It was also about the one-way grocery-store friendships I have. Grocery-store people are my people. There have been years where going to the grocery store was my main form of socialization. It felt comforting to go to the grocery store. Because that’s where my friends were. They didn’t know they were my friends, but I like it that way. There’s no pressure. I see them, they see me, and that’s enough.
What do you think about our self-improvement culture generally?
I think self-improvement itself is a good thing, but sometimes the message gets a little muddled. Like, it sort of feels like self-help books are designed more to sell books than to offer practical help. There’s not a lot of realism in there. A realistic self-help book wouldn’t sound like “Easily banish your anxiety with these simple tricks!” It would sound like “Moderately improve your anxiety over a span of many years by continuously choosing to do the hard thing instead of the easy thing, and there’s no real end point—you have to keep going indefinitely if you want to keep improving.” And I think that really holds self-help back—the promise of easy results.
If I’ve ever managed to improve myself, it took a very long time, and it definitely wasn’t easy. And going in expecting the type of dramatic results being promised was actually pretty confusing.
When my depression or anxiety was still there months later, it felt like failing, instead of what should be expected with persistent psychological issues like anxiety and depression.
If you’re expecting it to be easy, you’re probably going to feel disappointed. You won’t even notice the improvements, probably. Because they’re very small. In my experience, it’s far more helpful to go in expecting to work hard to make gradual, realistic improvements on your overall strategy. It’s definitely possible to improve, but I don’t trust anything that promises to make it easy.
Do you feel the book has particular resonance during this pandemic when so many people are feeling alone?
As far as the resonance it has for this time, I didn’t know quarantine was going to happen when I wrote the material, but I do hope that the last chapter in particular—the one about being your own friend—could be helpful for people feeling a similar type of loneliness to what I was feeling when I wrote it. It was a deep, new kind of loneliness that I’d never felt before, and I really empathize with anybody going through something like that, whether because of quarantine, or something else, or both. Loneliness is hard, and sometimes there aren’t very many external things you can do to change it. At the very least, I hoped that talking about loneliness openly would help make it less scary.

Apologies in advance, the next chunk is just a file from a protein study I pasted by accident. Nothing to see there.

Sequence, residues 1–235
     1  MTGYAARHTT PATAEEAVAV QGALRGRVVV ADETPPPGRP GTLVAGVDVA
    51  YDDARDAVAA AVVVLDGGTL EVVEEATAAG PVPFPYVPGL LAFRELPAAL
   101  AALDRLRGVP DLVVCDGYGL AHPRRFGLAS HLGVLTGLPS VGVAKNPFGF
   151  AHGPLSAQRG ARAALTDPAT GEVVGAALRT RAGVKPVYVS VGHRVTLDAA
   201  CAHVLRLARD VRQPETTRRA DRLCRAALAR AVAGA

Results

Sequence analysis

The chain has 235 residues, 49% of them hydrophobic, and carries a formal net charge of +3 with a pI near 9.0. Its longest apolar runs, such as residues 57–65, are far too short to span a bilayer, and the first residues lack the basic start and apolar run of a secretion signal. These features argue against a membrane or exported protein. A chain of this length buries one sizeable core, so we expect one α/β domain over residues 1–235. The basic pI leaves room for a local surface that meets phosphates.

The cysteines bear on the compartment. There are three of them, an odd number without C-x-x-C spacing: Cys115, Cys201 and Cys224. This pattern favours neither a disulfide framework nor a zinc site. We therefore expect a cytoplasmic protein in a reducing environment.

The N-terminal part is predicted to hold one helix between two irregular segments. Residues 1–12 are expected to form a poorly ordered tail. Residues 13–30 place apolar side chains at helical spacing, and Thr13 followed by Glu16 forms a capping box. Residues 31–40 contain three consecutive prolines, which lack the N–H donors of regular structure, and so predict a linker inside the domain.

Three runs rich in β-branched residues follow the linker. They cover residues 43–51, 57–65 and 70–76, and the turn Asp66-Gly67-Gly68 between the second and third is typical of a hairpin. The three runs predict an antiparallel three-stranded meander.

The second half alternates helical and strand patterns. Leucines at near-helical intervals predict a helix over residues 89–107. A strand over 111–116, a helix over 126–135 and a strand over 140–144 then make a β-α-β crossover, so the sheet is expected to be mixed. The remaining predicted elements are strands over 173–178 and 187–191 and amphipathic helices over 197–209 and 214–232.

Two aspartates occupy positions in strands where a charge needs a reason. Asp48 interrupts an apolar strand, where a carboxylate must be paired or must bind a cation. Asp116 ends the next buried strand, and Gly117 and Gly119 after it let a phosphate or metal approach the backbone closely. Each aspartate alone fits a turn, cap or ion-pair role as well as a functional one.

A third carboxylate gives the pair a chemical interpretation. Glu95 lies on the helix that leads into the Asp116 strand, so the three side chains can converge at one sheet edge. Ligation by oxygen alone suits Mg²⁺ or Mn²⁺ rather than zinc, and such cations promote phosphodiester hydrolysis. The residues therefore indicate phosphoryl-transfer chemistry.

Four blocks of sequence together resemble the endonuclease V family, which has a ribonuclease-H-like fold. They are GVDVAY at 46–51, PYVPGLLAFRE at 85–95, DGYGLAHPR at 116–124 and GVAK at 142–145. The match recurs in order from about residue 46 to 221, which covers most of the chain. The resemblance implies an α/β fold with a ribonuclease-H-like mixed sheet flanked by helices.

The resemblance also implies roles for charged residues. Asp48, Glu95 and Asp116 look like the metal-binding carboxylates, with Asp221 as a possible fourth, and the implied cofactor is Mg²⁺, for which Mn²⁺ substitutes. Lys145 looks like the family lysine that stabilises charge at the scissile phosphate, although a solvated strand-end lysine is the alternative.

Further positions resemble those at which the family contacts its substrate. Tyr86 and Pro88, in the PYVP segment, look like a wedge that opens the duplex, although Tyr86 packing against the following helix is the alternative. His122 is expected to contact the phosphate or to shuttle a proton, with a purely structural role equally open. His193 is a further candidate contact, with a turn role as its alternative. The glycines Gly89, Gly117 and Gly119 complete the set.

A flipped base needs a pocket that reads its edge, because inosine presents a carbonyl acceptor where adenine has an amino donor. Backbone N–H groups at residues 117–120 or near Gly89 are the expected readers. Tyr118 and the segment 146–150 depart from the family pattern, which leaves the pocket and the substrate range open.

How have people responded to your writing about hard stuff: depression, loneliness and anxiety?
The response has been very warm and supportive. People will reach out to me, saying those sections helped them feel less alone in their struggles, and then they ask how I’m doing, and if I’m O.K. It’s beautiful.
Sometimes I feel scared to be vulnerable, but I don’t think I’ve ever regretted it. I think it’s good to be vulnerable; it shows people that it’s safe to be vulnerable too. And, for the most part, I think people appreciate that. Actually, one of the comments I have saved in my special folder is somebody who said, “Thank you for going first.” I’ve probably read that one a hundred times. It helps me remember that I don’t need to feel scared.
You write for the first time about losing your younger sister Kaitlin, who died by suicide in 2013. Can you talk a little bit about her and what it meant to bring her into your book?